Carry on rent­ing... and bring the dog, cat and the kids too

The Daily Telegraph - Property - - Front Page -

these kinds of de­vel­op­ments, which are pur­pose-built for renters, have pro­fes­sional land­lords and are backed by in­sti­tu­tional in­vestors such as pen­sion funds. They started ap­pear­ing in around 2012 in cen­tral London and Manch­ester. In prime lo­ca­tions, and of­ten with a concierge, boast­ing gyms, swim­ming pools and spas, they were de­signed with high-earn­ing mil­len­ni­als and work-hard-play-hard pro­fes­sion­als in mind.

First-time tenants sav­ing for a de­posit were not the tar­get, yet these schemes – dubbed build-to-rent – were hailed to be one of the ma­jor so­lu­tions to the UK’s wide­spread and chronic hous­ing cri­sis.

Six years on and these swanky flats are still be­ing de­vel­oped: Rich­mond Mews in Soho, for ex­am­ple, will set you back £3,445 per month for a onebed­room apart­ment. How­ever, the £2.6bil­lion build-to-rent sec­tor is now evolv­ing to cater for more ten­ant tribes, in­clud­ing fam­i­lies and older peo­ple. There’s now a recog­ni­tion that in­fin­ity pools and cinema clubs are not a must-have in a rental com­plex; af­ford­able rents, fam­ily-sized units, and longer-term let­ting agree­ments are the in­dus­try’s new pri­or­i­ties.

“Ini­tially, al­most all in­vest­ment was tar­get­ing schemes aimed at young pro­fes­sion­als in lux­ury city cen­tre lo­ca­tions, at­tracted by the po­ten­tial for higher re­turns from this rel­a­tively wealthy group,” says Nick Whit­ten of prop­erty firm JLL.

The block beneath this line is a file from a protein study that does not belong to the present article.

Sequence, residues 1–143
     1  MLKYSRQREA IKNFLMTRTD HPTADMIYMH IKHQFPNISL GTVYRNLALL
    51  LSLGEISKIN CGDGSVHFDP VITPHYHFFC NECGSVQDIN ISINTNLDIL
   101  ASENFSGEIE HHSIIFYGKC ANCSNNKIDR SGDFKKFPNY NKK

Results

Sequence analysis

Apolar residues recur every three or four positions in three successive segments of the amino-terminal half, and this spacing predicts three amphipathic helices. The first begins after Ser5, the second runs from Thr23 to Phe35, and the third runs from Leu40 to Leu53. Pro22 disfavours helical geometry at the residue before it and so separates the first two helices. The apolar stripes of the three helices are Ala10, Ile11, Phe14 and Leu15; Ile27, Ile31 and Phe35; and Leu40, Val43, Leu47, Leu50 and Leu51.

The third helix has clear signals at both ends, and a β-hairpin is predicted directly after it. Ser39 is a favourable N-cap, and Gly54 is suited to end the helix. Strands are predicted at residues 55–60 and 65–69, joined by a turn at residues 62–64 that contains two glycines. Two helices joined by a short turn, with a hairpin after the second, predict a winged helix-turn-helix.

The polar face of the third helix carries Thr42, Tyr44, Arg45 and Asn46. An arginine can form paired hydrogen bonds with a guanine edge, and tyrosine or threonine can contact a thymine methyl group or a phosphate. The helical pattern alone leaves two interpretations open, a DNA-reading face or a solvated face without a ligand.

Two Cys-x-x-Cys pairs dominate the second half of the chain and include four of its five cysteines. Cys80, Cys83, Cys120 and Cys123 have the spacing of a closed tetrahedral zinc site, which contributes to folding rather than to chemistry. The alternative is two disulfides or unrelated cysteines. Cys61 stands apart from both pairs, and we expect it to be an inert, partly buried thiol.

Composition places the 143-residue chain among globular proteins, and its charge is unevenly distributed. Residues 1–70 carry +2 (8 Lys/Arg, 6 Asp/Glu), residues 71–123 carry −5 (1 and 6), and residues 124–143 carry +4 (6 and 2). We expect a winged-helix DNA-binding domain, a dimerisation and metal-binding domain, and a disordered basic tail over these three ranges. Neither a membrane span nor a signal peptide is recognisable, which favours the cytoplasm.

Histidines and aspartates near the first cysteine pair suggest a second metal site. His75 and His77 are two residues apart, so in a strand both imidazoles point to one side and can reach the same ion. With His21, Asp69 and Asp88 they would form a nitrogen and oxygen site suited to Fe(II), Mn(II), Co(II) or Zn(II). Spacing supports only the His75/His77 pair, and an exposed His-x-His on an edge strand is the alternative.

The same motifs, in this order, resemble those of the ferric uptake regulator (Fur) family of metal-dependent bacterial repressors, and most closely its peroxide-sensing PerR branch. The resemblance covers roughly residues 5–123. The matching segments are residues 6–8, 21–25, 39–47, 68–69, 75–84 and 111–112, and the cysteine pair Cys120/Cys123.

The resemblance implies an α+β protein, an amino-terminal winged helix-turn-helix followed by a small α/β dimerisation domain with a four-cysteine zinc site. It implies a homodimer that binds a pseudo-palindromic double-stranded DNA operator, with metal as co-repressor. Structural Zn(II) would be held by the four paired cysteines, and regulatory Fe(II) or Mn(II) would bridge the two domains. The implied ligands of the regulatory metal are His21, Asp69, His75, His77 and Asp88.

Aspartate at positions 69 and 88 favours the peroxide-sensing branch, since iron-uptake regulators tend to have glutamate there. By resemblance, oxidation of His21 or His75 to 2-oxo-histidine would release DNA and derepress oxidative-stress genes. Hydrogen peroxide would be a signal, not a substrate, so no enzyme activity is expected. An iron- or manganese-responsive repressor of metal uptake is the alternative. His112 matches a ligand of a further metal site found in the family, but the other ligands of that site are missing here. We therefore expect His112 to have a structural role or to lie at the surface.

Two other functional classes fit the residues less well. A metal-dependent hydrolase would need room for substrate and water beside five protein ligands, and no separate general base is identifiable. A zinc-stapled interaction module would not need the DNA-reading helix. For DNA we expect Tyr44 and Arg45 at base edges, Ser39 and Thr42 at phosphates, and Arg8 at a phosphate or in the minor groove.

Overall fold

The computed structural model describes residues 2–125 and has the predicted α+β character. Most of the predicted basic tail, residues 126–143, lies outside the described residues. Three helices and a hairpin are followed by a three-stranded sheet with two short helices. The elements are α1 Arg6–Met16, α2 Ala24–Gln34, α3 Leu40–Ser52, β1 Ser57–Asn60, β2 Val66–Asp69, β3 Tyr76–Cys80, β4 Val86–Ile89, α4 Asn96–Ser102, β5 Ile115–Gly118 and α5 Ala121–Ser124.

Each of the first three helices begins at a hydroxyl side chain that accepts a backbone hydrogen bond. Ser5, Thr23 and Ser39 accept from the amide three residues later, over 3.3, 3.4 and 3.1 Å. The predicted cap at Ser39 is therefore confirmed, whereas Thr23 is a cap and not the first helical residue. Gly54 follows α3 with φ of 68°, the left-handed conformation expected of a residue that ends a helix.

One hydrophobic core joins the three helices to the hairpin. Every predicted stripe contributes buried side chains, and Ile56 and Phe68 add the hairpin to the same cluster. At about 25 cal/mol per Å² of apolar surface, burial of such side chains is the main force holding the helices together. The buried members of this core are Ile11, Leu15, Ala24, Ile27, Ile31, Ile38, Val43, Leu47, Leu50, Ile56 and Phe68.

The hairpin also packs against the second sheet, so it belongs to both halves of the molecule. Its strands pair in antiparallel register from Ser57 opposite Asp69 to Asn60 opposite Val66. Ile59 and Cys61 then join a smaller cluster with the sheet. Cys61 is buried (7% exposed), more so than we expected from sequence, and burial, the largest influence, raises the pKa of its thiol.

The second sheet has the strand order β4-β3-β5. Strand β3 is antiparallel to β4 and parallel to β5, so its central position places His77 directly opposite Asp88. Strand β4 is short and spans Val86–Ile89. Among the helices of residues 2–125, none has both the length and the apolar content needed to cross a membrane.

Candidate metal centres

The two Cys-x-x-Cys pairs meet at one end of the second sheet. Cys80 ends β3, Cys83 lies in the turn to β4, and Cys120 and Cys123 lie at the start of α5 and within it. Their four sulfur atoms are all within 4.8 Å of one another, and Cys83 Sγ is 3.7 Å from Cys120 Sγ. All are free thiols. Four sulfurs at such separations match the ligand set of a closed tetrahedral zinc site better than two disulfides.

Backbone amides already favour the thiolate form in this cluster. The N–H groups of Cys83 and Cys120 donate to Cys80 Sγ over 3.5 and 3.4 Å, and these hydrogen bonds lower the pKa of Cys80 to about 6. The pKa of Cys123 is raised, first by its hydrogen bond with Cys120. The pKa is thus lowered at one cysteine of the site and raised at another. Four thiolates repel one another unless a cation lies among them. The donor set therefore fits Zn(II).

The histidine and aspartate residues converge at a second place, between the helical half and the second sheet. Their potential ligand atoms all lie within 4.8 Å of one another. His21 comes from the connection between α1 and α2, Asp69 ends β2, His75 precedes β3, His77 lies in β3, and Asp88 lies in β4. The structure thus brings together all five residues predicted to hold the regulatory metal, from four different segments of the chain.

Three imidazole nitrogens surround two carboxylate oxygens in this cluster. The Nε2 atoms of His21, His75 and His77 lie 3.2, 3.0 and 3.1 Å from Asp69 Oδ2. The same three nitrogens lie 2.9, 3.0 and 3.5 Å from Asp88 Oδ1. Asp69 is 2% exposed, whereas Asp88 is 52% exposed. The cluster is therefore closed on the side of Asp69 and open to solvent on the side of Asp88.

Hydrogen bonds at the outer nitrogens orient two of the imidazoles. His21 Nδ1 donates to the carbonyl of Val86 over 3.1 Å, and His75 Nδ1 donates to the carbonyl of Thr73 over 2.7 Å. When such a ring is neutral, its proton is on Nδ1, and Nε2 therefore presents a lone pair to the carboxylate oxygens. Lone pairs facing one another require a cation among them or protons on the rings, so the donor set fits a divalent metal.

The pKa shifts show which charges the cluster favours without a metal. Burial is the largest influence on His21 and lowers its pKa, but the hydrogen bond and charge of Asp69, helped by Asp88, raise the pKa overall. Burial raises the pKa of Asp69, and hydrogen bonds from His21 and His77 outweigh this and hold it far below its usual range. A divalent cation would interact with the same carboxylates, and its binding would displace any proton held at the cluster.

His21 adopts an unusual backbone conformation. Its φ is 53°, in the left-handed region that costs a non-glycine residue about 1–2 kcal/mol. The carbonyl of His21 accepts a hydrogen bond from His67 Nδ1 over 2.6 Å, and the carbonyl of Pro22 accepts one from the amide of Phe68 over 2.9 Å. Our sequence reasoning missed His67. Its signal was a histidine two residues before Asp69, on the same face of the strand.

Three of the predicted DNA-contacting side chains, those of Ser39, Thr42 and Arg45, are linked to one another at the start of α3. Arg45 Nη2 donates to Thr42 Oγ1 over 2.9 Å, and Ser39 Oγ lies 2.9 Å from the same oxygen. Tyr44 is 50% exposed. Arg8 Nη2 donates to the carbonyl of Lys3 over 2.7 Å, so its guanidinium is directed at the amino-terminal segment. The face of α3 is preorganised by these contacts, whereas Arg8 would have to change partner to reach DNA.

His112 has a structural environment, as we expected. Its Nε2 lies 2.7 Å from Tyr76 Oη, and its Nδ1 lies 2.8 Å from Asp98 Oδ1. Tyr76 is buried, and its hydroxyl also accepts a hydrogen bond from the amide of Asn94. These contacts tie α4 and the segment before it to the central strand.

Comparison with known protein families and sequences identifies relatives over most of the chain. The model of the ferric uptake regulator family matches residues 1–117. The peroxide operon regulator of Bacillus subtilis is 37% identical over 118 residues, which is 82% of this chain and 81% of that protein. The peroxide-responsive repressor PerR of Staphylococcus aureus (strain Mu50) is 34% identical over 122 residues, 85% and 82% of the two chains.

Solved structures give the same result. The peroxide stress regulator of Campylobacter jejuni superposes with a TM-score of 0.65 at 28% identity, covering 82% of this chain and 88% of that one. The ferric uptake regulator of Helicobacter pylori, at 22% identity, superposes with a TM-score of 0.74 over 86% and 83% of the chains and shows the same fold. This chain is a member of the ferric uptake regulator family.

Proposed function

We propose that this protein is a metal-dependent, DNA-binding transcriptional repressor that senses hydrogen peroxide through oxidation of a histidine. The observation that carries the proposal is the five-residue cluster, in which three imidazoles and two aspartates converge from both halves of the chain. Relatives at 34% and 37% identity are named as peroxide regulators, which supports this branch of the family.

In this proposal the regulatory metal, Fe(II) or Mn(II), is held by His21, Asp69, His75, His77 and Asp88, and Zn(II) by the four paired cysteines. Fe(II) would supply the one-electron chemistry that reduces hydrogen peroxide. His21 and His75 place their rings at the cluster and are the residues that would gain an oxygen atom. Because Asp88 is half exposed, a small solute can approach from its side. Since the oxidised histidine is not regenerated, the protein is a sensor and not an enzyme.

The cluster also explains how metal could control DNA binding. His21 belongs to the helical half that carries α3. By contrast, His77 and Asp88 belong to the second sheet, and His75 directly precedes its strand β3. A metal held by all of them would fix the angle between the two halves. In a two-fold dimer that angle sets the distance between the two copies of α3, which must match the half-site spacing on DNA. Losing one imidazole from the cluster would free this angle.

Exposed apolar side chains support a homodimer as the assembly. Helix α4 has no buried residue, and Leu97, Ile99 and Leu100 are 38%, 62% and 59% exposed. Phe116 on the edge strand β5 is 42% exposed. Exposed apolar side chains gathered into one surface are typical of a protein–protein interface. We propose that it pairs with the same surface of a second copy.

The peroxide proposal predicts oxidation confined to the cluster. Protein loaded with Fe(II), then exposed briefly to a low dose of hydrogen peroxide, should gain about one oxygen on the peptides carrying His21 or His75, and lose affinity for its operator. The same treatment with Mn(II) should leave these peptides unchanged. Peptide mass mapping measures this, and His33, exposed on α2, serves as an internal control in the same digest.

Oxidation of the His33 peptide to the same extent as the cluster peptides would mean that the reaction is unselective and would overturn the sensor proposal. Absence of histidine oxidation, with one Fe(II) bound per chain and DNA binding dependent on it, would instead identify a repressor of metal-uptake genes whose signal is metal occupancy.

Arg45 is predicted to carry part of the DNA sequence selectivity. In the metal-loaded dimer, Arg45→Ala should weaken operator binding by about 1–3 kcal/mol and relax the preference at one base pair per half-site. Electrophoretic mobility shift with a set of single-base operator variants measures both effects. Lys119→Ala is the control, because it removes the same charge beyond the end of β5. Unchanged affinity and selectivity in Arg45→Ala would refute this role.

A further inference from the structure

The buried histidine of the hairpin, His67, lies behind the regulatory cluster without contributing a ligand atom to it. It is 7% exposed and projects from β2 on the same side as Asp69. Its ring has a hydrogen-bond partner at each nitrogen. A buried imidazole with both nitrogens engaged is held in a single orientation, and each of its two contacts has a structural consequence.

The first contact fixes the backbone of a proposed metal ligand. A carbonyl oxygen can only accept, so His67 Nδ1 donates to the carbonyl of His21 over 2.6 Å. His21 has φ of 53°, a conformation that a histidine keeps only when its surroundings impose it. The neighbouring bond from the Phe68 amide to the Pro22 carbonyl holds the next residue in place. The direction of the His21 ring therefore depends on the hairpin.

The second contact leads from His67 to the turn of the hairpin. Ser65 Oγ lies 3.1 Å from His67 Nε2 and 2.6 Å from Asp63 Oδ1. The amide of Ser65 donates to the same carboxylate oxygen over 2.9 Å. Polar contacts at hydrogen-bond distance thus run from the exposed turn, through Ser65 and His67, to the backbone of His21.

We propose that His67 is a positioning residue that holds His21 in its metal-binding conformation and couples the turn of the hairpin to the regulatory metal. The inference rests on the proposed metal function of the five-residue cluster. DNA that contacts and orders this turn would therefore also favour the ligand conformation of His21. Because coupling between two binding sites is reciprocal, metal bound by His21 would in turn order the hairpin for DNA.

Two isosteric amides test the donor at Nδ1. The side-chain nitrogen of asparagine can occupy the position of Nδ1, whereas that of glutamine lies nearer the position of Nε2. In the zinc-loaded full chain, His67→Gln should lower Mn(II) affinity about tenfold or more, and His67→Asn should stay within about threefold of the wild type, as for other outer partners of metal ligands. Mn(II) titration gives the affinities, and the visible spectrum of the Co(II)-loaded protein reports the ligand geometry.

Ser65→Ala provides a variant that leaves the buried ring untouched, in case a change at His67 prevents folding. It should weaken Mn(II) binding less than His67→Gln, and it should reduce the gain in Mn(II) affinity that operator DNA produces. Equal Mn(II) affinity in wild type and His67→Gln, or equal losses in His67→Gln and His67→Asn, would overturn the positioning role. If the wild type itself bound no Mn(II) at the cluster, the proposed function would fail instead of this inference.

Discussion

He­len Gray, of con­sul­tancy CBRE, agrees: “When the sec­tor was first emerg­ing there was a clear fo­cus on build­ing lux­ury homes in London and Manch­ester. The con­cept was new and there was a lot of ner­vous­ness from in­vestors.” Build-to-rent de­vel­op­ers were also com­pet­ing against tra­di­tional house­builders for sites, which pushed land prices up. A top-end prod­uct there­fore jus­ti­fied the spend, she adds.

But the in­dus­try was miss­ing a trick: the main­stream rental mar­ket ac­counts for 2.5mil­lion house­holds, ac­cord­ing to JLL. Around 500,000 of these homes are lived in by stu­dents, but the re­main­der are key work­ers and young fam­i­lies on a mod­est in­come.

“They tend to live on the pe­riph­ery of re­gional city cen­tres and more than half of these house­holds are in 20 UK cities in­clud­ing Manch­ester, Birm­ing­ham and Leeds,” Whit­ten ex­plains. “There­fore, we need more af­ford­able build-to-rent homes de­signed with these tenants in mind.”

The num­ber of build-to-rent prop­er­ties has in­creased from 0.8 per cent of all new homes un­der con­struc­tion in 2012 to nearly nine per cent in 2017, and

Priya and Michael Wal­ters with dog Bai­ley in their flat in Hayes, main and top right

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